Replacing Your Violin Strings
If you’ve never replaced your violin’s strings before, make sure to have your teacher or another experienced professional walk you through the process. The process of replacing violin strings is simple, but it’s important that it be done properly. First, unwind the tuning peg and remove the old string. Next, you’ll want to remove the old string from the tailpiece, taking care not to scratch the varnish with the sharp string end. Then, you’ll want to remove the peg from the peg box and lubricate the worn surface of the peg. Work in the lubrication by replacing the peg into the peg box and turning it back and forth. The next step is the lubricate the nut and bridge with a sharp pencil. Follow this up by threading the end of the new string through the peg-hole. Start winding the string onto the peg. For the left pegs (G and D), you’ll want to wind counter-clockwise. For the right pegs (A and E), wind clockwise. Keep winding until the string is the correct length. You’ll want the string to come just to the edge of the peg box. Keep in mind, if the string rubs against the peg box when the peg turns, it’ll be hard to tune and may break.
The next step is to attach the ball/loop end of the string to the tailpiece. Wind the peg to remove any slack. Make sure that the bridge is straight. The back of the bridge should be perpendicular to the surface of the violin. Bring all strings up to pitch, using either an electronic tuner, pitch pipe, or tuning fork. It’s also important to remember that, over the next few days, the strings will continue to stretch. This means that you’ll have to continue tuning your strings before you practice or perform.
When you’re going through the process of replacing your violin strings, there are several things to always keep in mind. Only change one string at a time, as it’s important to maintain tension over the bridge. If tension is not maintained, the bridge and soundpost may fall over. Use graphite to lubricate the nut and bridge in order to reduce friction with the string and avoid warping of the bridge. When you’re bringing new strings up to pitch, be careful not to over-tune or over-tighten them. Finally, remember to make sure that the bridge is sitting straight throughout the process.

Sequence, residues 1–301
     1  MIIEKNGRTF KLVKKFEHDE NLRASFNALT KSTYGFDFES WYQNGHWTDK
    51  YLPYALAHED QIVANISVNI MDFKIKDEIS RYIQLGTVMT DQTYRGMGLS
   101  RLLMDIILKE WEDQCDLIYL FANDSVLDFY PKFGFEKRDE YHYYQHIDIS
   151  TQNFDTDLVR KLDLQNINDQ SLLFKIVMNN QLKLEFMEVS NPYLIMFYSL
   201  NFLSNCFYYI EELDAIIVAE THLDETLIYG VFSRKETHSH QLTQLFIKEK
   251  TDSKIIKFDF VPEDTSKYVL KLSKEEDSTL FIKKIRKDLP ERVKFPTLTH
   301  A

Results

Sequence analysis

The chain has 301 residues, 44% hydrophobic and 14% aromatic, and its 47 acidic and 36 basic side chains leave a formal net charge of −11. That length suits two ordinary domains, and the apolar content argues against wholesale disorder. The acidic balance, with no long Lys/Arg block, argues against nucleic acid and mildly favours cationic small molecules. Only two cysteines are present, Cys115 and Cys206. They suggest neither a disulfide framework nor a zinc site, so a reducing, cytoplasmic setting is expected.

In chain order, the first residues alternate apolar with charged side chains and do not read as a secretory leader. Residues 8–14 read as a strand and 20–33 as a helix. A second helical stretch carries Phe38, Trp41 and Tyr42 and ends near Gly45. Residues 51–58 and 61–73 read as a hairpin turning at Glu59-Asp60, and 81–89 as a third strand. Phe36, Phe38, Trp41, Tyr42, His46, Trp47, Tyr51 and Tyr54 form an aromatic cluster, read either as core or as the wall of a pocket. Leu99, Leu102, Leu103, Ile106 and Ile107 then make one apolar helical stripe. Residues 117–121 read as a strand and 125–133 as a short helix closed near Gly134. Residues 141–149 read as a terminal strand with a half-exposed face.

When to Consult a Repair Technician
After a while, knowing when and how to change your violin’s strings will become second-nature. If done properly, you shouldn’t face any serious problems. However, there are a few instances which will necessitate bringing your instrument in for adjustments or repairs. For example, if the strings keep coming out of the peg hole, it may be necessary to have smaller ones drilled. If string won’t stay in the tailpiece, it may be necessary to have a new tailpiece installed. If you hear a buzz when you play after installing new strings, there may be a loose piece of the violin. In each of these situations, if you aren’t sure what to do, it’s best to take the instrument to a qualified violin repair technician. Music stores as well as music teachers are an excellent resource for finding qualified repair technicians in your area.